Though he does not compare himself to Isaiah or Jeremiah, Rabbi Michael Lerner can relate to the prophets of old.
He sees them as “people willing to challenge the Jewish establishment of their day and got a lot of crap for it, and nevertheless are honored prophets.”
In recent years, few American rabbis have challenged the Jewish establishment or drawn as much fire as Lerner. Yet 25 years after founding the left-leaning Tikkun magazine, he’s still standing, shouting jeremiads from the village square.
He will take a break from those lamentations to mark the 25th anniversary of Tikkun at a March 14 celebration at U.C. Berkeley’s Pauley Ballroom. During the event Lerner will present the Tikkun Award to several people, among them Richard Goldstone, author of the controversial Goldstone Report on the 2008-2009 Gaza War.
It’s just like Lerner to honor Goldstone, a man who came under harsh criticism from many in the Jewish community for authoring a document they consider unfairly biased against Israel.
In the pages of Tikkun and in other forums, Lerner has long railed against what he views as Israel’s heavy hand when it comes to treatment of the Palestinians. While Tikkun has featured many views and voices, the predominant one has been critical of Israel.
Lerner sees his magazine as having impacted the political, social and spiritual conversation within the Jewish community and beyond.
“It speaks volumes about the hunger among American Jews for a [progressive] voice,” he says of Tikkun. “We faced a lot of negativity and distortion, [but] at the same time we managed to get the message out to a lot of Jews that the dominant voice in the Jewish community wasn’t the only voice. We created a safe space to say things they were thinking privately.”
The quarterly magazine has admirers from across the political spectrum. David Biale, who teaches Jewish history at U.C. Davis, says Tikkun has been at the forefront of progressive Jewish politics, and was “particularly courageous in promoting a two-state solution with the Palestinians long before it became the consensus position of the American Jewish community and the public policy of Israel.”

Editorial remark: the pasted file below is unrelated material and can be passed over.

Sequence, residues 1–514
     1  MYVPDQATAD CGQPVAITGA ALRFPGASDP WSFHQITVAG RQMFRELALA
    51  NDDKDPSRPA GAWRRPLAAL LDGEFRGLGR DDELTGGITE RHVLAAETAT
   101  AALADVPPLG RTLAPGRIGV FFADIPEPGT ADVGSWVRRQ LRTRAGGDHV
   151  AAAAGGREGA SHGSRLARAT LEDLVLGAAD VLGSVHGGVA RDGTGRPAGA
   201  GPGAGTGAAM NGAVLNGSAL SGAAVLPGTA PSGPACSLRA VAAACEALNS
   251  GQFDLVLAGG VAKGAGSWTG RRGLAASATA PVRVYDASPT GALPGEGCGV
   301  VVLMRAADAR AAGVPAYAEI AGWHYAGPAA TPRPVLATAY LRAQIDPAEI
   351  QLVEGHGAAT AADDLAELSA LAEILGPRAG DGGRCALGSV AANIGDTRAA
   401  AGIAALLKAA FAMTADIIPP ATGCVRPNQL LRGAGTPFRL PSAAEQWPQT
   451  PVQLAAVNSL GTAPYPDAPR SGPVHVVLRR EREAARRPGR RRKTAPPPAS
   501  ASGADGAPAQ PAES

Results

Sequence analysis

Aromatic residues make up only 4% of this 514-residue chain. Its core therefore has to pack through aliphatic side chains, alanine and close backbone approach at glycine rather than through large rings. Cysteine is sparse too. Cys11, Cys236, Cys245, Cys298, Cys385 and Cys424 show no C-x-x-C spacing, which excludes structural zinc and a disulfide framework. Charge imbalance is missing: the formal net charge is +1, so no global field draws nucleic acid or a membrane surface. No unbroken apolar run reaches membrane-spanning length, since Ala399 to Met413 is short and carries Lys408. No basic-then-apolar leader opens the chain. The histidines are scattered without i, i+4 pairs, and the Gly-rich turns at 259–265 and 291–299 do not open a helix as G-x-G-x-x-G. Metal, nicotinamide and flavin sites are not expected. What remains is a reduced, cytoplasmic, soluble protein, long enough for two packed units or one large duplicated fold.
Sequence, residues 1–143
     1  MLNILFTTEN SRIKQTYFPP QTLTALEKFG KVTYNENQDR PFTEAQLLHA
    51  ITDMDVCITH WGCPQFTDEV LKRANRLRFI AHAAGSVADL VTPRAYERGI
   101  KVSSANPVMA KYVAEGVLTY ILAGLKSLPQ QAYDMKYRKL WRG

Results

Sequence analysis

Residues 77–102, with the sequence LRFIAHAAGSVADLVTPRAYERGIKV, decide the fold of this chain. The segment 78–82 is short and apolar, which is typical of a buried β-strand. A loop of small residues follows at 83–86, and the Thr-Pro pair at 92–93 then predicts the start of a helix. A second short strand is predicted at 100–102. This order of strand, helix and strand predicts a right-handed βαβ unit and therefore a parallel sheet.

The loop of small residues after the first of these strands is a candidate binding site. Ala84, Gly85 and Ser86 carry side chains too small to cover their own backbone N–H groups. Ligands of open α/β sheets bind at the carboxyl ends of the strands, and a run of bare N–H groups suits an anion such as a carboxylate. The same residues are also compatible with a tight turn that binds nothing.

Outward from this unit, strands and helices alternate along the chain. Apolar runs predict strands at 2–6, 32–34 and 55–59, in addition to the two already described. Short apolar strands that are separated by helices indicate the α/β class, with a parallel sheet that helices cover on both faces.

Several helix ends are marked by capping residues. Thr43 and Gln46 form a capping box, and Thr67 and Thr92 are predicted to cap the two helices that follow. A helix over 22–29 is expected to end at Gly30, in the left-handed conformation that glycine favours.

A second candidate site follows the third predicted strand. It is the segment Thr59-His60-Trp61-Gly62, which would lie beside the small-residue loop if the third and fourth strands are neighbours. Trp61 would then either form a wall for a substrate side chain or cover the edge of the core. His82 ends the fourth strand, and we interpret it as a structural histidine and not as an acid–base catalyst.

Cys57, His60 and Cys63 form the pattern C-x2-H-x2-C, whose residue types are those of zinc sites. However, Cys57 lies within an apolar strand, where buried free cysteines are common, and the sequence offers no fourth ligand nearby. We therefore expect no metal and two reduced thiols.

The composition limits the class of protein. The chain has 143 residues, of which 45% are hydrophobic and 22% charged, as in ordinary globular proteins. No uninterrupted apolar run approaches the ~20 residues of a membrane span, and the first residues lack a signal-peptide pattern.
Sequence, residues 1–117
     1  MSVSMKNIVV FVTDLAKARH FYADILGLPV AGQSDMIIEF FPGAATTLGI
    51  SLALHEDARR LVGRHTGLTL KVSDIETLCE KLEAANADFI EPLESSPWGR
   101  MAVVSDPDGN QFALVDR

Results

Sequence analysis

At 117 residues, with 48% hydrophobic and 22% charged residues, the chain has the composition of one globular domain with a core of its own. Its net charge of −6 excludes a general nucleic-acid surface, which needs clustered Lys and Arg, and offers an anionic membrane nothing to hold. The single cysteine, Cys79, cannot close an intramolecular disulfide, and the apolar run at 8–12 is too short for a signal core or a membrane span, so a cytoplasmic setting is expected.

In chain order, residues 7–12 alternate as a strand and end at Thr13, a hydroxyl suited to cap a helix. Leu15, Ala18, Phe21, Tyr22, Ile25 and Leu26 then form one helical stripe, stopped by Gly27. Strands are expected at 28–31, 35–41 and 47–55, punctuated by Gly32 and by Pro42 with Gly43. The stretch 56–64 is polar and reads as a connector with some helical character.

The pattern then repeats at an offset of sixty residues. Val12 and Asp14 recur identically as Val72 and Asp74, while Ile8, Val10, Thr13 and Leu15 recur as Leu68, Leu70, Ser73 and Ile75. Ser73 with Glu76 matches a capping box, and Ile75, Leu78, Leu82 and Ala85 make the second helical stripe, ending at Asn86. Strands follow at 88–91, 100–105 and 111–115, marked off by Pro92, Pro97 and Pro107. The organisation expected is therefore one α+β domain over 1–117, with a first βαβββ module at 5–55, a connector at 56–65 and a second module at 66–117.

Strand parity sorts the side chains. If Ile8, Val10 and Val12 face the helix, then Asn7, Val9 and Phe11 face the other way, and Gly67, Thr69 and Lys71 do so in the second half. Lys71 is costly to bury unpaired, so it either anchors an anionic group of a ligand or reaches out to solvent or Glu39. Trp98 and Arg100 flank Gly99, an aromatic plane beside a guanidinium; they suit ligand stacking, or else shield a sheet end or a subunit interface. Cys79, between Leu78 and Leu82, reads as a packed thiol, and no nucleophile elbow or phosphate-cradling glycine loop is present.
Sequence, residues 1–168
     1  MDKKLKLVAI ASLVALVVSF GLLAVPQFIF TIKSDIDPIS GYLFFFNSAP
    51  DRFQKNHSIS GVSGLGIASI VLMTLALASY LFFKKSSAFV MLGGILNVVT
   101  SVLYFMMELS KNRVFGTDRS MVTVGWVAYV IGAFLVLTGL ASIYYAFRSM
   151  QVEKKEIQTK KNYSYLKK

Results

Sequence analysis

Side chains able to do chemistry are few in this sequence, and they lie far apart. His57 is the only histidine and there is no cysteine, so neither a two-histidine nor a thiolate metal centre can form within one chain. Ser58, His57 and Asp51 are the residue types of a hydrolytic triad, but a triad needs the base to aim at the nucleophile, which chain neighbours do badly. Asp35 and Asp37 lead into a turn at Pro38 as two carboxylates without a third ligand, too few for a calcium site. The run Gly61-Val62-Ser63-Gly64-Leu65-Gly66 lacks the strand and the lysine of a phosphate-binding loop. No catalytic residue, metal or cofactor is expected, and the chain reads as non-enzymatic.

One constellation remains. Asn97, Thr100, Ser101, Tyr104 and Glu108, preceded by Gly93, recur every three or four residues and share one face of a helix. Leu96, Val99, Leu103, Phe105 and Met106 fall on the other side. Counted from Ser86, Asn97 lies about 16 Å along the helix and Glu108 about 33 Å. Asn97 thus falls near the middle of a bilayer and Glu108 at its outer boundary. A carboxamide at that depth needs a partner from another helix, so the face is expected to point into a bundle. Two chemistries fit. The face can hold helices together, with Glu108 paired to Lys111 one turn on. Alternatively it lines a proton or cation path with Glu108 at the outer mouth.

Over the years, Tikkun has published articles written by more than 2,000 writers, among them Woody Allen, Amos Oz, Noam Chomsky, Allen Ginsberg, Rabbi Eric Yoffie and the late Sen. Paul Wellstone.
But as editor and columnist, Lerner has been the most visible exponent of the Tikkun philosophy.
He takes pride in having run pro-feminist, pro-LGBT and pro-science articles early on. But it was Tikkun’s strong criticism of Israel that drew both the attention and ire of other segments of the Jewish community.
“When we started, we criticized some Israeli policies,” he recalls, “and there was an immediate response of ‘you’re anti-Semitic’ or ‘you’re self-hating Jews.’ At that time, we organized a demonstration against the pope, who had recently met with former Nazi [and Austrian President] Kurt Waldheim. That was a great moment because we showed we definitely cared about the well-being of Jews.”
Lerner, a one-time member of the radical Students for a Democratic Society during his college days at U.C. Berkeley, says he is especially proud of a 1989 Tikkun article by Israeli historian Benny Morris. In that piece, Morris argued that Israel engaged in much more extensive forced exile of Arabs during the 1948 War of Independence than is commonly acknowledged.